[dropcap class=”kp-dropcap”]L[/dropcap]os Angeles County officials in Southern California plan to use technology to get rid of as many as 66,000 cannabis convictions.
According to The Associated Press, city officials are working with an organization called Code for America to find old cannabis cases that are eligible to be wiped using an algorithm. The Clear My Record technology is offered free by the group, who are a nonprofit organization. “The dismissal of tens of thousands of old cannabis-related convictions in Los Angeles County will bring much-needed relief to communities of color that disproportionately suffered the unjust consequences of our nation’s drug laws,” District Attorney Jackie Lacey said in a statement.
So far, the demographic of people whose crimes are being cleared includes 32 percent black, 20 percent white, 45 percent Latinx and three percent unknown. After these cases are dismissed, Code for America will have helped dismiss more than 85,000 cannabis convictions in five California counties including Los Angeles, San Francisco, Sacramento, San Joaquin and Contra Costa. “This is a clear demonstration that automatic record clearance is possible at scale and can help to right the wrongs of the failed war on drugs,” said Evonne Silva, Code for America’s Senior Program Director of Criminal Justice.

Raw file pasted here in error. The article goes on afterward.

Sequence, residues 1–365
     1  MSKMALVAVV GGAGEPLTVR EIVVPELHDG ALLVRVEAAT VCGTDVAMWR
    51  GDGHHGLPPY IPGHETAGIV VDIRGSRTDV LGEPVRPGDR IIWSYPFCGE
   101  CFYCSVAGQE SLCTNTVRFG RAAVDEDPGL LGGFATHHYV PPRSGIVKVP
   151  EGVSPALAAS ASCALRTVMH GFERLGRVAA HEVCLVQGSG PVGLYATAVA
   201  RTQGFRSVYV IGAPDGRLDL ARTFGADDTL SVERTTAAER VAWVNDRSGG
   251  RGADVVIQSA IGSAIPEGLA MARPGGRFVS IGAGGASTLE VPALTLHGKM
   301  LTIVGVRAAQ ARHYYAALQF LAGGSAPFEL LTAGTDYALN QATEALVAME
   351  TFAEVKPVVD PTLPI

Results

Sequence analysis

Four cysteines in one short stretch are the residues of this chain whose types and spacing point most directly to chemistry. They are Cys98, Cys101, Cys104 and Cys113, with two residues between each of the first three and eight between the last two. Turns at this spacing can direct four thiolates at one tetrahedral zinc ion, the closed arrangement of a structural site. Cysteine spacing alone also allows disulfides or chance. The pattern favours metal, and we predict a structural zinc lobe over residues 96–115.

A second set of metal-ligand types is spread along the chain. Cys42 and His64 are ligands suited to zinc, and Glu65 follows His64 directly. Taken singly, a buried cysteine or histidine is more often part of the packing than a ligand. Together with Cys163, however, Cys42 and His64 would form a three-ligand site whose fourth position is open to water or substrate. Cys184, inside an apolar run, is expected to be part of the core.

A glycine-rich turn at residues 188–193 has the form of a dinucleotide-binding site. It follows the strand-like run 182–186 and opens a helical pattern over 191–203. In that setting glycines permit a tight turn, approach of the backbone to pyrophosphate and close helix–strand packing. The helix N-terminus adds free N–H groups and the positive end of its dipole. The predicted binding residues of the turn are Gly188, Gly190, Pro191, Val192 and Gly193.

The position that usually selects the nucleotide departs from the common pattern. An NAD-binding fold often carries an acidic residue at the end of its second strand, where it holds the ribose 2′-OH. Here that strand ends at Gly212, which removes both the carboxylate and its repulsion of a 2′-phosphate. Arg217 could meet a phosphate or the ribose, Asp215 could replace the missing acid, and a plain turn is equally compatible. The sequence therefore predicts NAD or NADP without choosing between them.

In addition to finding the cases, the program fills out forms to file with the courts. It can work on the cases of up to 10,000 people per minute, much faster than the process it would take for humans to do the same work. Once the cases are identified, district attorneys have until July to decide whether the cases will be dismissed.
California’s legal cannabis industry is struggling, but there are small victories to celebrate as well. Some areas are considering social consumption lounges, and officials are working on systems to better regulate the illegal market.